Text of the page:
Story: Sheriff Jim Tanner (Eric Roberts) has found himself in the wildest case of his career, with a number of dead bodies, all mutilated beyond belief, but no clues as to who or what was responsible. The victims seem to have been almost torn apart, with a level of violence and primal strength that a human would be incapable of. Tanner and his assistant Barbara (Melissa Brasselle) push forward however, even as it becomes clear some kind of animal is behind the killings and even law enforcement seems helpless to intervene. After the beast kills some police officers, Tanner manages to trace a potential lead to the science lab of Dr. Hyde (Corbin Bernsen), who used to work on experimental military projects for the government, but was terminated. Unknown to Tanner and the government, Hyde has continued his research in private, which is how this creature was unleashed. But can Tanner and Barbara somehow track down and take down a real life dinosaur?
Entertainment Value: If Raptor looks or sounds familiar, perhaps you’ve seen one or all of the Carnosaur movies, which is where this picture was mined from. I’ve seen a good deal of films that lifted footage and even entire subplots from other movies, but Raptor is a master class in cinematic borrowing. Producer Roger Corman and director Jim Wynorski carve out most of the Carnosaur franchise’s wildest sequences, then create a new narrative to frame those scenes, with some newly shot footage that is mixed in. I have to admit, as wild as this concept is, Raptor mostly makes it work, aside from awkward moments of exposition. But even when the existing footage makes it tough to weave in the new scenes, the leaps of logic add to the entertainment. This just winds up as a super fun movie and given its patchwork, sewn together production, that is impressive. Of course, Carnosaur fans have seen most of this chaos before, but the remix is quite good and the new scenes can be hilarious. A b movie ensemble was wrangled for those fresh sequences, with Eric Roberts, Corbin Bernsen, and Lorissa McComas all on deck. Bernsen channels his performance in The Dentist, while Roberts is his usual enjoyable, if detached style performer. These three help liven up the Carnosaur reruns and bring some b movie star power to the table, which is always welcome. In short, Raptor is a wild, over the top, and very fun movie that regardless of its roots, stands as a b movie blast.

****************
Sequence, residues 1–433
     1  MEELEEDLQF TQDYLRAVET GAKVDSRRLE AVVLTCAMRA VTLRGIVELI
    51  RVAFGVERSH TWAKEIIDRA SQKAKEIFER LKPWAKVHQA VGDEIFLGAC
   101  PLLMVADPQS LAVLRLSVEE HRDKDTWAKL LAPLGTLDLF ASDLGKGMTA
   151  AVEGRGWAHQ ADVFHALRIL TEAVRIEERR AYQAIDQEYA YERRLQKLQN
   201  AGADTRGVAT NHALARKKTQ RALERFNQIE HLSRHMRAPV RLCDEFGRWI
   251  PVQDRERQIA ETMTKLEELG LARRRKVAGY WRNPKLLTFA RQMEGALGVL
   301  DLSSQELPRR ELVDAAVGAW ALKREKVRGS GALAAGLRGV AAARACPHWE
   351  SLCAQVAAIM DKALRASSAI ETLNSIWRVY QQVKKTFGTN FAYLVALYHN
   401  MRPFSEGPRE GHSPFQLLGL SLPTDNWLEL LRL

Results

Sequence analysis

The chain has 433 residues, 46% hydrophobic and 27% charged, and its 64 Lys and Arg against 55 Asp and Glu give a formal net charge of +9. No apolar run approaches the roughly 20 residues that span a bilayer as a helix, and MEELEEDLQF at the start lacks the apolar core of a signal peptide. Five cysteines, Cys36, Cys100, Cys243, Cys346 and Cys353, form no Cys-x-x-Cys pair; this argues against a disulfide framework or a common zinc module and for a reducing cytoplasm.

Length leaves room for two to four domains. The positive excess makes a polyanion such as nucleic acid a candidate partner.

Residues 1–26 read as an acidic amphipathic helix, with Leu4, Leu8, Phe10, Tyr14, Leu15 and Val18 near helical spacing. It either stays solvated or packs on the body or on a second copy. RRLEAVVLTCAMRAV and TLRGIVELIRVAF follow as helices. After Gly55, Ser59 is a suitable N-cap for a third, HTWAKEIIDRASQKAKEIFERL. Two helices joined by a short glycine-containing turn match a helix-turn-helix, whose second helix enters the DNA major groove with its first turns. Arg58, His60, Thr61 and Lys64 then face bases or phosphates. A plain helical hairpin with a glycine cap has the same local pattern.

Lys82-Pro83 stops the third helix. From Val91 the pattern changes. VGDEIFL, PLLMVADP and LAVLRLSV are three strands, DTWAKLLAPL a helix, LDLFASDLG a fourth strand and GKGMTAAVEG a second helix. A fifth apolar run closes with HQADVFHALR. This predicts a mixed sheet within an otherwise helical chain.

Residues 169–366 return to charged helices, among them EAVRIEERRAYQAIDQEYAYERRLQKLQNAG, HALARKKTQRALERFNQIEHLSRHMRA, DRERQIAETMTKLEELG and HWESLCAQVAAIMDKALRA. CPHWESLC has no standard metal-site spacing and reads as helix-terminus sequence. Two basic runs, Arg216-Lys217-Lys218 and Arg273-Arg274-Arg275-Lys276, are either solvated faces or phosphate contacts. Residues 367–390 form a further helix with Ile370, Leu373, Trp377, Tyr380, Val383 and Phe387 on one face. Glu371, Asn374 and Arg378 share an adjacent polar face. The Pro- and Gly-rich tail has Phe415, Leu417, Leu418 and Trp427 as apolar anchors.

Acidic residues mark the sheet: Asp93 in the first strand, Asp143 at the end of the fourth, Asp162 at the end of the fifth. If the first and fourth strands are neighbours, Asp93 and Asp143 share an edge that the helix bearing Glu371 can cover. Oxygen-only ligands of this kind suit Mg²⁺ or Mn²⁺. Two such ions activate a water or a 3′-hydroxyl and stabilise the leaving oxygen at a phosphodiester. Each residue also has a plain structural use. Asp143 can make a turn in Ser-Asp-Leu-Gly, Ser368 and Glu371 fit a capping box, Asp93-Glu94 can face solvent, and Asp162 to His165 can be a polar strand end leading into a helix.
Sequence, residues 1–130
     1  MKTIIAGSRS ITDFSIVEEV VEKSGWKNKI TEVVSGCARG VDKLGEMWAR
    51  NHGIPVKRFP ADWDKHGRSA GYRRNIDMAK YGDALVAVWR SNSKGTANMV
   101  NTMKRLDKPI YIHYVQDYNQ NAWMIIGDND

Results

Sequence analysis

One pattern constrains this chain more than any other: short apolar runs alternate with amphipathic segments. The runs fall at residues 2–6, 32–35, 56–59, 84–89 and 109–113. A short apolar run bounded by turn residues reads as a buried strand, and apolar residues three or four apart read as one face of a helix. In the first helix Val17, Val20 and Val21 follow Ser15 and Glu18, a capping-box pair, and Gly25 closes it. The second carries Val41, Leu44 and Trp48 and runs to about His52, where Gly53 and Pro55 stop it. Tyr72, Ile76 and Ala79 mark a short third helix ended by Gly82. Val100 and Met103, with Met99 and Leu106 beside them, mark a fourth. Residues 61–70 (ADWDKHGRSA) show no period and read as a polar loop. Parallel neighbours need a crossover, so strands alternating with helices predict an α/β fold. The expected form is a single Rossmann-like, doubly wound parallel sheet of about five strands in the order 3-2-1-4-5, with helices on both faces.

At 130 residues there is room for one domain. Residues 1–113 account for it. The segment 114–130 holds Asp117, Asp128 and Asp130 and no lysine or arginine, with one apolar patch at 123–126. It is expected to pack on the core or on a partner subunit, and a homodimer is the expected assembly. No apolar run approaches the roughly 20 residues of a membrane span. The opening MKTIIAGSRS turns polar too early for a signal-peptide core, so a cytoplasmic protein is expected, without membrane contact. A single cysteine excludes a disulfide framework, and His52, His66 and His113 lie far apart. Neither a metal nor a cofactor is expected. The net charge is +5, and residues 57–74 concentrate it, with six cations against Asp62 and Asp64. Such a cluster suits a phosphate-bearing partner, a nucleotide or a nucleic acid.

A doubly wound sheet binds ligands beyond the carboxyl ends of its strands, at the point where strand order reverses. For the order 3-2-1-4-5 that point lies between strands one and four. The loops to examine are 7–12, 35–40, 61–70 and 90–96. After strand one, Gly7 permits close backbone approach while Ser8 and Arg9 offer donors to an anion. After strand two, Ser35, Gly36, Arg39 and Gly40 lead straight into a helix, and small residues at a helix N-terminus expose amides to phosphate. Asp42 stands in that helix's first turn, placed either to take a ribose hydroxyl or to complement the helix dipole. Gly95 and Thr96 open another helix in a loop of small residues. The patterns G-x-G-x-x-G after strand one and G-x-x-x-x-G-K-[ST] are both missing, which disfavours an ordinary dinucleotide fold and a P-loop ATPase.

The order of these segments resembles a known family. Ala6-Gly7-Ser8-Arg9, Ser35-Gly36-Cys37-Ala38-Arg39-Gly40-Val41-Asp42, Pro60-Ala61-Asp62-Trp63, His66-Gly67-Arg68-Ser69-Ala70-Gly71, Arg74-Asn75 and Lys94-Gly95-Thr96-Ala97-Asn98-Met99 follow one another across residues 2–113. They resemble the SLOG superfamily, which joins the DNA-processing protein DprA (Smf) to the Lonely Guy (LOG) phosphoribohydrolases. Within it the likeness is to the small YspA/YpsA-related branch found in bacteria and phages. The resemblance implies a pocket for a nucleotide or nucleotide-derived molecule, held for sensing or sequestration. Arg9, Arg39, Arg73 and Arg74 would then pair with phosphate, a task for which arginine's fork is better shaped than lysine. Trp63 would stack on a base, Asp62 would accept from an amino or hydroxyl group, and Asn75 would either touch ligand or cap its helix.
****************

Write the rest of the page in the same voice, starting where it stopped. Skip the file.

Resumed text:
There is not much time for romance with all the dinosaur mayhem, but there is a scene with a topless Lorissa McComas, which is the lone burst of sleaze here. And given how much action and carnage unfolds, its hard to hold that against Raptor, I think. And there is a lot of dinosaur action to be had, as the movie yanks the bloodiest scenes from the Carnosaur series, then rearranges them, giving us some gently used violence. This includes a group of folks being mauled by our dinosaur friend, resulting in some splashes of crimson and body part roulette, which is how the movie opens to grab you from the start. The attacks are very frequent, but not graphic, just fun, over the top stuff like rubber appendages and other low rent cinematic treats. So there is bloodshed in a number of scenes, but I wouldn’t call it heavy or intense. I had fun with the dialogue here as well, with Corbin Bernsen’s scene chewing providing some of the highlights, as well as Eric Roberts’ overly serious at times presence. The patchwork approach also produces some odd exchanges, when the transitions aren’t exactly seamless. Not a lot of big, quotable lines in Raptor, but consistently cheesy writing and ham handed performances that usually entertain. The entire movie has a lot of b movie magic, but I want to talk about how the raptor basically wages a one dinosaur war against law enforcement. The raptor battles local police officers, the Sheriff’s Department, a full SWAT team, an armed helicopter, the United States military, a spec ops squad, and then, this beast takes on the military industrial complex itself. Comrade Raptor. I also love the ridiculous laser hallway scene, which is just outlandish here, thanks to the mixed footage involved.
Overall Insanity: 5/10